39. 39. Abou-Hamdan A, Belot L, Albertini A, Gaudin Y. Monomeric Intermediates Formed by Vesiculovirus Glycoprotein during Its Low-pH-induced Structural Transition. J Mol Biol. 2018;430(12):1685–95. pmid:29678555
  40. 40. Albertini AA, Merigoux C, Libersou S, Madiona K, Bressanelli S, Roche S, et al. Characterization of monomeric intermediates during VSV glycoprotein structural transition. PLoS Pathog. 2012;8(2):e1002556. pmid:22383886
  41. 41. Vallbracht M, Brun D, Tassinari M, Vaney MC, Pehau-Arnaudet G, Guardado-Calvo P, et al. Structure-Function Dissection of Pseudorabies Virus Glycoprotein B Fusion Loops. J Virol. 2018;92(1).
  42. 42. Gibbons DL, Erk I, Reilly B, Navaza J, Kielian M, Rey FA, et al. Visualization of the target-membrane-inserted fusion protein of Semliki Forest virus by combined electron microscopy and crystallography. Cell. 2003;114(5):573–83. pmid:13678581
  43. 43. Sanchez-San Martin C, Sosa H, Kielian M. A stable prefusion intermediate of the alphavirus fusion protein reveals critical features of class II membrane fusion. Cell Host Microbe. 2008;4(6):600–8. pmid:19064260
  44. 44. Stiasny K, Bressanelli S, Lepault J, Rey FA, Heinz FX. Characterization of a membrane-associated trimeric low-pH-induced Form of the class II viral fusion protein E from tick-borne encephalitis virus and its crystallization. J Virol. 2004;78(6):3178–83. pmid:14990739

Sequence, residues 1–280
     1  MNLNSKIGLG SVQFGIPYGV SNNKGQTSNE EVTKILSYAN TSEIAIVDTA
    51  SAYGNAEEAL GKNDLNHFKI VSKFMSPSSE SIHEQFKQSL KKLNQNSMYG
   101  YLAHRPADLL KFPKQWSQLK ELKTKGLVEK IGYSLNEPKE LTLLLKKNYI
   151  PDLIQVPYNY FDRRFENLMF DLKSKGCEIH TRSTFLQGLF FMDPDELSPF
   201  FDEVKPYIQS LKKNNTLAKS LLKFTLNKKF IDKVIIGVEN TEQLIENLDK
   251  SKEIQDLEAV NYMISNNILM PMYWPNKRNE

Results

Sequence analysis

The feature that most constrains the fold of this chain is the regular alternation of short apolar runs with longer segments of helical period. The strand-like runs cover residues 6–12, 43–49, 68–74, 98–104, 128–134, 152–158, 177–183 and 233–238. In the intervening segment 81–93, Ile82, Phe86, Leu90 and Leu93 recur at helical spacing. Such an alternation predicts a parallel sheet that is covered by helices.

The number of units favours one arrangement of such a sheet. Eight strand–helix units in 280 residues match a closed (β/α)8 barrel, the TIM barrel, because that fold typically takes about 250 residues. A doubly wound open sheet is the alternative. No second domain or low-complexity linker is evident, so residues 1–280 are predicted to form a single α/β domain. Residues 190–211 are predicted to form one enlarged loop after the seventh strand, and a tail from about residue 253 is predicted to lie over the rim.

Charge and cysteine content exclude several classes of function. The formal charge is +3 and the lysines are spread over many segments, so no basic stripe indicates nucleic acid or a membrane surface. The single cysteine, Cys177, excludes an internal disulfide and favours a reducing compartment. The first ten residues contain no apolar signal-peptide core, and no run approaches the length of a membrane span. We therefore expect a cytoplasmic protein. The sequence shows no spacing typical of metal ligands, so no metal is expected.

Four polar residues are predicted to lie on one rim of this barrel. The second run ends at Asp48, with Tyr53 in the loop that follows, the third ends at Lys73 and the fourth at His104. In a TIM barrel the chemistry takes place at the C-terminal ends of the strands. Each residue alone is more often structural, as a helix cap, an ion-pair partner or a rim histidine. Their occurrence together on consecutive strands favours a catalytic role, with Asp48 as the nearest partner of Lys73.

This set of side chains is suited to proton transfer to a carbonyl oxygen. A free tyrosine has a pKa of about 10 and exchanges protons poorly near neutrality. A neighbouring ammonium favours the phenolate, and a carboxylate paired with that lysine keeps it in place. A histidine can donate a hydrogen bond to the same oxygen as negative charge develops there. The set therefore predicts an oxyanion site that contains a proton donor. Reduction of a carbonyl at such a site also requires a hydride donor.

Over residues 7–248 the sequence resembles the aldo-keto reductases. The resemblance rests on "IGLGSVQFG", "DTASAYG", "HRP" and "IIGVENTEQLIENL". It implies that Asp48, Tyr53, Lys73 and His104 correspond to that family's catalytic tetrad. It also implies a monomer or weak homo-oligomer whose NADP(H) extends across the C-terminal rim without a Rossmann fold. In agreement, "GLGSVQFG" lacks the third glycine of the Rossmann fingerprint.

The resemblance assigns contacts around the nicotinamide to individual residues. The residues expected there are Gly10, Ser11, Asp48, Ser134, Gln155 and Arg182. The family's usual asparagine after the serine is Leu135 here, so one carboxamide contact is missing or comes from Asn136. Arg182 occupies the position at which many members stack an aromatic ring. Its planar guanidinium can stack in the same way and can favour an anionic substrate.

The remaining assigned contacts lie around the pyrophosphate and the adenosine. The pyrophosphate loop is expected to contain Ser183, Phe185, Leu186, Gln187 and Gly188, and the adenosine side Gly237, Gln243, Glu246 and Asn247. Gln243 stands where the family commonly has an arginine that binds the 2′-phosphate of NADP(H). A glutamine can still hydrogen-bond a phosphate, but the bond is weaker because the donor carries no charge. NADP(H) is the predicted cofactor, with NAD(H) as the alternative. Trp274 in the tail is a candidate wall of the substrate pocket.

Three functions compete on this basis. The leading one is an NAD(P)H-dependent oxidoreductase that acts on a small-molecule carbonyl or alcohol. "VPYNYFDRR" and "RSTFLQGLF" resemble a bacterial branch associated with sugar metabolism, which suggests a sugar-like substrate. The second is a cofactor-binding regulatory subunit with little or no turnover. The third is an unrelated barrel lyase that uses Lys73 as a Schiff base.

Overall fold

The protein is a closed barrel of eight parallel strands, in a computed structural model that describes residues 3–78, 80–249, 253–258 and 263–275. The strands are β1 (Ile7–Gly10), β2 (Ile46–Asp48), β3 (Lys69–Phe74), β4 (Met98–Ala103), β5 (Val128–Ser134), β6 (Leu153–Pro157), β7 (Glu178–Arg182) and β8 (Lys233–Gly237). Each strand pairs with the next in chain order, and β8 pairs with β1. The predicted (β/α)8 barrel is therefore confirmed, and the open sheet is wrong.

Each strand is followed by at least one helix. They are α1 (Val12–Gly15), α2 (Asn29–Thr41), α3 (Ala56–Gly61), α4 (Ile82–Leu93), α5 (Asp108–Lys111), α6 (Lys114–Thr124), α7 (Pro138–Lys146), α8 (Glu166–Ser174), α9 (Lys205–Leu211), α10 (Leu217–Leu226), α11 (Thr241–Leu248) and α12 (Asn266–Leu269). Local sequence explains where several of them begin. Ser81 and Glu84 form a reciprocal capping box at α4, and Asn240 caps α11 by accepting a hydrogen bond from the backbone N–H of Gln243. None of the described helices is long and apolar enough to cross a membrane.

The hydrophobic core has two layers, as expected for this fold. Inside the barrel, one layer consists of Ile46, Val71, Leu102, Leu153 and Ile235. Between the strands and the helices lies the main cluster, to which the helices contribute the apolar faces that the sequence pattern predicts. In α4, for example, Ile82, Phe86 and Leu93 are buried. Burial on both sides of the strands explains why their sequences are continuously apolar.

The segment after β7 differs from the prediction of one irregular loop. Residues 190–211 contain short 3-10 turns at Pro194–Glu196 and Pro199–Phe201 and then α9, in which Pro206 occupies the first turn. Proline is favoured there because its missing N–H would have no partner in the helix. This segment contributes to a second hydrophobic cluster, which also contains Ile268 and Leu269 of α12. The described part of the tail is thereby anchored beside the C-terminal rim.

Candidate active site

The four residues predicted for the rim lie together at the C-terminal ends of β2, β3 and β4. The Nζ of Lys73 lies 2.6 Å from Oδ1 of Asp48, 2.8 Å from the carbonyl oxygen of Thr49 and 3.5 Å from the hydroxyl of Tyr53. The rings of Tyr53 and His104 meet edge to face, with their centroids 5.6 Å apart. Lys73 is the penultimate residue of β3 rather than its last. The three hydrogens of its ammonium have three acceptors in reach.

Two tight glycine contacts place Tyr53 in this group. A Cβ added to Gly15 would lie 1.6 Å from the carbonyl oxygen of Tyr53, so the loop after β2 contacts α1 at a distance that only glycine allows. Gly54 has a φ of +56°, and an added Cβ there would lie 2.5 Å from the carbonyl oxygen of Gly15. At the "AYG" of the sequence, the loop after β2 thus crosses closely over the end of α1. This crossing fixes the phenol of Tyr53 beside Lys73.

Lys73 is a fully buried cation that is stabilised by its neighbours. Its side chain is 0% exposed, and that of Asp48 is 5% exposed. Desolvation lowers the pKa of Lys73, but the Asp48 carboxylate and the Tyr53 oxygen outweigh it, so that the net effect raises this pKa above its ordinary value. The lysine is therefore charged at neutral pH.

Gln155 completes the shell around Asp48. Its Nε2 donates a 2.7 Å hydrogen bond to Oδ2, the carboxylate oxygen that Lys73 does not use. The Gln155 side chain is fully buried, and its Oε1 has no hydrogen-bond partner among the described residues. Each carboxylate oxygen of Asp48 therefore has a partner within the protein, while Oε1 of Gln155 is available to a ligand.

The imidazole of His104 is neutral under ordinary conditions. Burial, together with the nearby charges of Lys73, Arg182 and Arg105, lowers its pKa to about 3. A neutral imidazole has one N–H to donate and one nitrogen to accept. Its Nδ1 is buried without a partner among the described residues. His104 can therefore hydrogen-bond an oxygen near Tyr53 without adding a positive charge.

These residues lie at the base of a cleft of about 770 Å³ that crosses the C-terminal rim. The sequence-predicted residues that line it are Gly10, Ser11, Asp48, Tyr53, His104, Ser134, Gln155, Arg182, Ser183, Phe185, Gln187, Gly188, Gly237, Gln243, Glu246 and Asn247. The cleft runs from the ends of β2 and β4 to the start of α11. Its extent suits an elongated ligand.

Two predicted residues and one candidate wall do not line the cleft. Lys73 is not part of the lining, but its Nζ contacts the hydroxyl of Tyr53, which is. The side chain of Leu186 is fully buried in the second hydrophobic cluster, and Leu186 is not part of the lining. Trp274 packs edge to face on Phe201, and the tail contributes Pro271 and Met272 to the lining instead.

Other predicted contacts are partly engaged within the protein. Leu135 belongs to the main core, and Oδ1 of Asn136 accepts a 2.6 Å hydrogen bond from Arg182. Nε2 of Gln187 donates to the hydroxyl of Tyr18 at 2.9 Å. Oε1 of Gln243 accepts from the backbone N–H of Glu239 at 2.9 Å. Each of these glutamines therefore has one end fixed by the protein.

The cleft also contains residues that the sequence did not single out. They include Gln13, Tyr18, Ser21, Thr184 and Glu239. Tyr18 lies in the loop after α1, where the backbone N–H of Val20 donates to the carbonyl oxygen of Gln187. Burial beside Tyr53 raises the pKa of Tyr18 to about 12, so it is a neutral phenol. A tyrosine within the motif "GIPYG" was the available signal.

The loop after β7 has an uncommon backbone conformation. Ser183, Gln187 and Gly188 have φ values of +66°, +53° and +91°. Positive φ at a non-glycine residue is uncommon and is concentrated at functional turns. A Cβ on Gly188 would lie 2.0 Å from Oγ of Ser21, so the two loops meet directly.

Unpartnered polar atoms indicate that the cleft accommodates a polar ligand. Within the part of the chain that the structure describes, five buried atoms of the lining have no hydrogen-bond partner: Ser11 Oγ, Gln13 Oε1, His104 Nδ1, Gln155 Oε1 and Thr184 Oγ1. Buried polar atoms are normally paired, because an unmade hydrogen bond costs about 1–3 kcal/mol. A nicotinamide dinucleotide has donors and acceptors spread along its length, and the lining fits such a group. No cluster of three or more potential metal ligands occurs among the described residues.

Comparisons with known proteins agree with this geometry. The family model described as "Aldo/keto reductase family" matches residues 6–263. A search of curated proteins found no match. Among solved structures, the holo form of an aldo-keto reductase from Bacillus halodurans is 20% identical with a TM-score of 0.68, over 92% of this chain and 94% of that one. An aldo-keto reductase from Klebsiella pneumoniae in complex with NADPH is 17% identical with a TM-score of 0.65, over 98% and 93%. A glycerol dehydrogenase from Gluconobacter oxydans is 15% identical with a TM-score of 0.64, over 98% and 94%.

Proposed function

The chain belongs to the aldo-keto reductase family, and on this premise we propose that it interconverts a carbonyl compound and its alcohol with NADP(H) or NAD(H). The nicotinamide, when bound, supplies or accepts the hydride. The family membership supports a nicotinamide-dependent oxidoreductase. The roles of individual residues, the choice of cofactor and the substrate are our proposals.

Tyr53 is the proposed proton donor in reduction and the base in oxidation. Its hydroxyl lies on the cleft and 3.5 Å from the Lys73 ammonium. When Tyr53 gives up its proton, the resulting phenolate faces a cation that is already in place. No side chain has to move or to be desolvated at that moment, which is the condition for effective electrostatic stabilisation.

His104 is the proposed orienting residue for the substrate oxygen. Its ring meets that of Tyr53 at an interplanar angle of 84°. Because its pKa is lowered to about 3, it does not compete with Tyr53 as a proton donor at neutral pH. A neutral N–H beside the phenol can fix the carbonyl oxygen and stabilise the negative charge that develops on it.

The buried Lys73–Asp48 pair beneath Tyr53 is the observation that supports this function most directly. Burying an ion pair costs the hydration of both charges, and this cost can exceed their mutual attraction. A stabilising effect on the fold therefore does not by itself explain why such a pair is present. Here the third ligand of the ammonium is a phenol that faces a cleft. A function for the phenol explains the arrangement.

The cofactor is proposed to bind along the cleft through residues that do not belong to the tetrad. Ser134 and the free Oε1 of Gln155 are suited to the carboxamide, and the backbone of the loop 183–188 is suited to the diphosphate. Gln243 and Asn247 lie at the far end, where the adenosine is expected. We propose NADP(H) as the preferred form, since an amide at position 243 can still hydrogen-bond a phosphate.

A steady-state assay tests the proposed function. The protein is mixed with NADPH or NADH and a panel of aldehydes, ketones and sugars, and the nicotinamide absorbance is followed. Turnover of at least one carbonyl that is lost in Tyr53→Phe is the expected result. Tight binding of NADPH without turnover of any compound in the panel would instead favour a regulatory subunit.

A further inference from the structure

45. 45. Engilberge S, Riobe F, Di Pietro S, Lassalle L, Coquelle N, Arnaud CA, et al. Crystallophore: a versatile lanthanide complex for protein crystallography combining nucleating effects, phasing properties, and luminescence. Chem Sci. 2017;8(9):5909–17. pmid:29619195
  46. 46. Matsuura Y, Tani H, Suzuki K, Kimura-Someya T, Suzuki R, Aizaki H, et al. Characterization of pseudotype VSV possessing HCV envelope proteins. Virology. 2001;286(2):263–75. pmid:11485395
  47. 47. Tani H, Komoda Y, Matsuo E, Suzuki K, Hamamoto I, Yamashita T, et al. Replication-competent recombinant vesicular stomatitis virus encoding hepatitis C virus envelope proteins. J Virol. 2007;81(16):8601–12. pmid:17553880
  48. 48. Backovic M, Krey T. Stable Drosophila Cell Lines: An Alternative Approach to Exogenous Protein Expression. Methods Mol Biol. 2016;1350:349–58. pmid:26820867
  49. 49. Kabsch W. Xds. Acta Crystallogr D Biol Crystallogr. 2010;66(Pt 2):125–32.
  50. 50. Sheldrick GM. A short history of SHELX. Acta Crystallogr A. 2008;64(Pt 1):112–22.
  51. 51. McCoy AJ, Grosse-Kunstleve RW, Adams PD, Winn MD, Storoni LC, Read RJ. Phaser crystallographic software. J Appl Crystallogr. 2007;40(Pt 4):658–74.
  52. 52. Winn MD, Ballard CC, Cowtan KD, Dodson EJ, Emsley P, Evans PR, et al. Overview of the CCP4 suite and current developments. Acta Crystallogr D Biol Crystallogr. 2011;67(Pt 4):235–42.
  53. 53. Emsley P, Lohkamp B, Scott WG, Cowtan K. Features and development of Coot. Acta Crystallogr D Biol Crystallogr. 2010;66(Pt 4):486–501.
  54. 54. Afonine PV, Grosse-Kunstleve RW, Echols N, Headd JJ, Moriarty NW, Mustyakimov M, et al. Towards automated crystallographic structure refinement with phenix.refine. Acta Crystallogr D Biol Crystallogr. 2012;68(Pt 4):352–67.
  55. 55. Baker NA, Sept D, Joseph S, Holst MJ, McCammon JA. Electrostatics of nanosystems: application to microtubules and the ribosome. Proceedings of the National Academy of Sciences of the United States of America. 2001;98(18):10037–41. pmid:11517324